The fundamentals of leasing: part 3
In our continuing series covering the fundamentals associated with leasing, Real Estate partner Owen McKenna further summarises the key tenant covenants in commercial leases.
A commercial lease will usually oblige a tenant to keep the demised premises in good repair and condition. The impact of this repairing obligation on the tenant depends on two main factors:
* the extent of the premises included in the tenant’s demise
* the state of repair of the premises at the start of the lease
A tenant’s repairing obligation will typically extend only to the premises within its demise. The parties should examine carefully the definition of the demised premises in the lease, ensuring that it is as specific as possible. In a lease of whole, the tenant will usually be responsible for repairing the whole building. In a lease of part, the repairing obligations will be split between the parties.
An obligation to “keep” the premises in repair will include an obligation to put the premises into repair if there is disrepair at the start of the lease. Tenants will therefore often seek to limit the repairing obligation to the condition of the premises at the commencement of the lease by way of a schedule of condition. A properly prepared schedule of condition is invaluable when it comes to the question of dilapidations during or at the expiry of the term of the lease.
Commercial leases will usually also contain a separate tenant covenant obliging the tenant to decorate its premises, either at stated minimum intervals or as often as reasonably necessary. Tenants may also be obliged to decorate at some point during the final year of the term to ensure that the premises are left in a suitable state for re-letting. For this reason, the landlord will often want to approve the colours and materials used in this decoration.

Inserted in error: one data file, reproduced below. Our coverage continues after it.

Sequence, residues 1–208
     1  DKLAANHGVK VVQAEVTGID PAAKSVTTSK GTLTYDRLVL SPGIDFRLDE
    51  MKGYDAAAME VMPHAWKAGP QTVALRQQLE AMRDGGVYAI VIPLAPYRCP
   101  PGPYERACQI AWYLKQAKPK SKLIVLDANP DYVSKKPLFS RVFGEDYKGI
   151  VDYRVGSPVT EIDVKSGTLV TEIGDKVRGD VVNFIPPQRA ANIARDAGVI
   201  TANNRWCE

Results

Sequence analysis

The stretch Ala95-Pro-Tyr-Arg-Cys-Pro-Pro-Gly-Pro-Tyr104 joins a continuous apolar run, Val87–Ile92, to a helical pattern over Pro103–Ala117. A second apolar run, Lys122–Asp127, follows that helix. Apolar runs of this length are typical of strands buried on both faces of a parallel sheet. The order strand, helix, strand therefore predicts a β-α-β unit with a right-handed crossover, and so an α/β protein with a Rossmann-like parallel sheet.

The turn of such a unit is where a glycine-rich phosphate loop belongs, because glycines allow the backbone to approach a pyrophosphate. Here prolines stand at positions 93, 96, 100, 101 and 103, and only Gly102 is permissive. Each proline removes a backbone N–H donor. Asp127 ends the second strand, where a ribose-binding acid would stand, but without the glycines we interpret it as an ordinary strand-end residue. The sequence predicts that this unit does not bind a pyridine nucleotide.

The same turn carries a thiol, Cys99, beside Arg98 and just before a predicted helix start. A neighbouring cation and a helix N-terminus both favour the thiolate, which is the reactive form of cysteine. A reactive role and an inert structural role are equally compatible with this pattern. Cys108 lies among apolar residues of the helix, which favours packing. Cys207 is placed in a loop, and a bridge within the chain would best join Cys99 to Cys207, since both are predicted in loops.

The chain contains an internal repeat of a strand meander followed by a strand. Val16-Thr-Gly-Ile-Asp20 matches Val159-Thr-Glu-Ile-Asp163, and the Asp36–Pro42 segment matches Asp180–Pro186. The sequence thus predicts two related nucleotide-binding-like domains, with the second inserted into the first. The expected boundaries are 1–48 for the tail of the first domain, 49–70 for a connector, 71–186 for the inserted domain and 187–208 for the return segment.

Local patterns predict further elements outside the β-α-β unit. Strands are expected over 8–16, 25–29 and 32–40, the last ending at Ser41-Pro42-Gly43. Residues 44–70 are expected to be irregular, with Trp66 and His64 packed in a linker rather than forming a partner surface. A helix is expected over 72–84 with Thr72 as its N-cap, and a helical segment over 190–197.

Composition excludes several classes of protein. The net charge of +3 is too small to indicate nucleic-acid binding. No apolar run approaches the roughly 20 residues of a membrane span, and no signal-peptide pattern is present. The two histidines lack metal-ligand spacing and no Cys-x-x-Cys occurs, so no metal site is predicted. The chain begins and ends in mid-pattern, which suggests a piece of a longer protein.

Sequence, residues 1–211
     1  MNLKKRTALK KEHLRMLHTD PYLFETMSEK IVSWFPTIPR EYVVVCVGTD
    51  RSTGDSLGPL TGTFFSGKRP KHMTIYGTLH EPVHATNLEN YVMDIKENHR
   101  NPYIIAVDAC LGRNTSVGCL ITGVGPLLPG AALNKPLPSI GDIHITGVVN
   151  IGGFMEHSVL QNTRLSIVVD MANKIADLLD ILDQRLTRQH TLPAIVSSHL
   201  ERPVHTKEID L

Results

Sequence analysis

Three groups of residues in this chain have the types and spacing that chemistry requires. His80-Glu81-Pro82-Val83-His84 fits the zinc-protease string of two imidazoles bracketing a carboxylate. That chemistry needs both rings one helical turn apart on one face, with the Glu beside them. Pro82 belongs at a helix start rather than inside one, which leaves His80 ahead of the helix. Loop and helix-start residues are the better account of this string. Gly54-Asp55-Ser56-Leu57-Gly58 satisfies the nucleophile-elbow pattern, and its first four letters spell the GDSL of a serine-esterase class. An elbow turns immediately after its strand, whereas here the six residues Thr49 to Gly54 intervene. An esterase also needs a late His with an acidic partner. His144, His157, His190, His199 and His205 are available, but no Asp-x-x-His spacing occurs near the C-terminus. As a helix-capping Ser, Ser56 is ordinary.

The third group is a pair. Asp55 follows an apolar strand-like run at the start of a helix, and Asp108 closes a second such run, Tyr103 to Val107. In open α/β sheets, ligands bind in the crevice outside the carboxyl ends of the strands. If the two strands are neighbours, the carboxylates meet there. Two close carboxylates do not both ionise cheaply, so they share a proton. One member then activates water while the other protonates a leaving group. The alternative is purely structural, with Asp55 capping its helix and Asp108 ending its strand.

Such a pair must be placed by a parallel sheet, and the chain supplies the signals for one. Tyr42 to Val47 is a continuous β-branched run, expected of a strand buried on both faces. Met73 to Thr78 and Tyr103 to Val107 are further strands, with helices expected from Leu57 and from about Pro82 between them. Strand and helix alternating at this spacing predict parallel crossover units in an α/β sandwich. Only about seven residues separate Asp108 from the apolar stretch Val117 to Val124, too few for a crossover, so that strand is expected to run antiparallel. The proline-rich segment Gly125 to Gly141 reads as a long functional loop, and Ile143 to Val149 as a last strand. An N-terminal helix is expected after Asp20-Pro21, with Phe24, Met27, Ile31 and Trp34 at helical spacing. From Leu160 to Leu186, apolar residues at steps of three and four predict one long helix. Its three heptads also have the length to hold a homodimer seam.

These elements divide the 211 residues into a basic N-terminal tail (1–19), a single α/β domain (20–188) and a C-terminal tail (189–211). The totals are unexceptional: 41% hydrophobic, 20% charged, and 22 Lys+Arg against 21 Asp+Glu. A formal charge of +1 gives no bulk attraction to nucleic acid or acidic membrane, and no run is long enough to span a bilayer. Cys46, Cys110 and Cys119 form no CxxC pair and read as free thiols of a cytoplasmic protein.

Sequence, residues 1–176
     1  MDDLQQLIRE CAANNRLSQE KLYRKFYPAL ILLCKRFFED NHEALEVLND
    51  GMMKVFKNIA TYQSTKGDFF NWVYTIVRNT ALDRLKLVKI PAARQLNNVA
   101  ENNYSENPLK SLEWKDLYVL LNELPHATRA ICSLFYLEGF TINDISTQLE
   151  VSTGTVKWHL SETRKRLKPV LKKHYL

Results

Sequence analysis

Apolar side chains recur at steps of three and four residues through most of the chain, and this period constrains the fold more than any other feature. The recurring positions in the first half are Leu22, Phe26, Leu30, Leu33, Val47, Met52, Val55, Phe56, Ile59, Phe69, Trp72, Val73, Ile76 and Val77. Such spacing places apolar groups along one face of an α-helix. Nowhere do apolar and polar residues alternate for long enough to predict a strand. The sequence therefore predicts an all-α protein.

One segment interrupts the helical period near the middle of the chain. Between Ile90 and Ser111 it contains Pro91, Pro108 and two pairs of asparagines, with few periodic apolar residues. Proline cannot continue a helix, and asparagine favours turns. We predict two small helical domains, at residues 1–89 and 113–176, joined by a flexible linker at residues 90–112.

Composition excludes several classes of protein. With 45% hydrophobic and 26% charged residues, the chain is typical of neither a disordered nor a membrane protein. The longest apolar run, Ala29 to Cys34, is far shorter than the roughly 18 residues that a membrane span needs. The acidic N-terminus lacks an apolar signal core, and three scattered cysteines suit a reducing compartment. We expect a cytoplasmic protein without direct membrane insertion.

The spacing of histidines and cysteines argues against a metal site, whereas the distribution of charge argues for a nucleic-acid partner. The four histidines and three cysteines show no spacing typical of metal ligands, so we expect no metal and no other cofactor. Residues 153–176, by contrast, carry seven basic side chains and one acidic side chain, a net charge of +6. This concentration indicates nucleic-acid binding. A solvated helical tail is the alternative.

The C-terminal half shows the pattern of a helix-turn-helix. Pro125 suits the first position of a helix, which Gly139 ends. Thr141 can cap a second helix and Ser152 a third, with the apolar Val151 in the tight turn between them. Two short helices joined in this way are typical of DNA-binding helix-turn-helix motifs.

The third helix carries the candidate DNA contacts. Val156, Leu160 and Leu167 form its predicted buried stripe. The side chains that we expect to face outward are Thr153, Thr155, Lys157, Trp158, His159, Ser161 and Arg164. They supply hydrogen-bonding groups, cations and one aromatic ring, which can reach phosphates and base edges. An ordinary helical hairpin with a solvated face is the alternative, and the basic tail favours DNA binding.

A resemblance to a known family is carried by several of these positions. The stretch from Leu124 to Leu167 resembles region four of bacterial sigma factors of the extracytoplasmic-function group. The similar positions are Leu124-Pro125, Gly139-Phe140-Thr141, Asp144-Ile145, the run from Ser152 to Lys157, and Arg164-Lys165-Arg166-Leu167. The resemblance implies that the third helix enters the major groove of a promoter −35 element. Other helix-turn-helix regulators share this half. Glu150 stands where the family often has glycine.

If a lease is silent on alienation, the tenant will be able to deal with the lease however it chooses. Therefore, leases usually contain restrictions on permitted dealings to enable the landlord to control the identity of the tenant (and the occupier of the premises). The landlord will want to ensure that the tenant is able to meet its financial commitments under the lease. As well as financial concerns, there may be other situations where the landlord may be particularly concerned about the identity of the tenant or occupier (for example, a landlord of a shopping centre will require control over dealings to ensure an appropriate tenant mix in its centre).
If a lease is silent on the question of alterations, the tenant is free to carry out any it chooses to the premises in its demise, subject to the tenant’s implied obligation not to commit waste.
However, most leases restrict the tenant’s ability to carry out alterations to its premises. The extent of the restrictions will depend on the nature of the premises and the landlord’s desired level of control. While the tenant will be anxious to configure the premises to its needs, the landlord’s priority will be protecting the value of the premises and their future marketability.